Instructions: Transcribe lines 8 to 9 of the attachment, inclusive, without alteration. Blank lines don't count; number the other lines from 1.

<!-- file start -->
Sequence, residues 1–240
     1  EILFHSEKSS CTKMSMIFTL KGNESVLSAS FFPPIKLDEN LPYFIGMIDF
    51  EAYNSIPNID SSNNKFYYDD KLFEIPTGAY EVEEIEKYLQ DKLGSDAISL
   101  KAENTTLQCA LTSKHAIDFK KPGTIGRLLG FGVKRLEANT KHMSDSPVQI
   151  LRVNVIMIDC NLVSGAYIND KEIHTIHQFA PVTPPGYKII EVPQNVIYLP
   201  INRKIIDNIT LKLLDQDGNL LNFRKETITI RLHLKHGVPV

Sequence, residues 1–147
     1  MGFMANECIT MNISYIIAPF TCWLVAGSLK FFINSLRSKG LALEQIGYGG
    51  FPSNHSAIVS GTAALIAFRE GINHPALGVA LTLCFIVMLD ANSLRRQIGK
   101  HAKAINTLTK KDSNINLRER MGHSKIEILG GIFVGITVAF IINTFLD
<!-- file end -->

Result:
     1  MGFMANECIT MNISYIIAPF TCWLVAGSLK FFINSLRSKG LALEQIGYGG
    51  FPSNHSAIVS GTAALIAFRE GINHPALGVA LTLCFIVMLD ANSLRRQIGK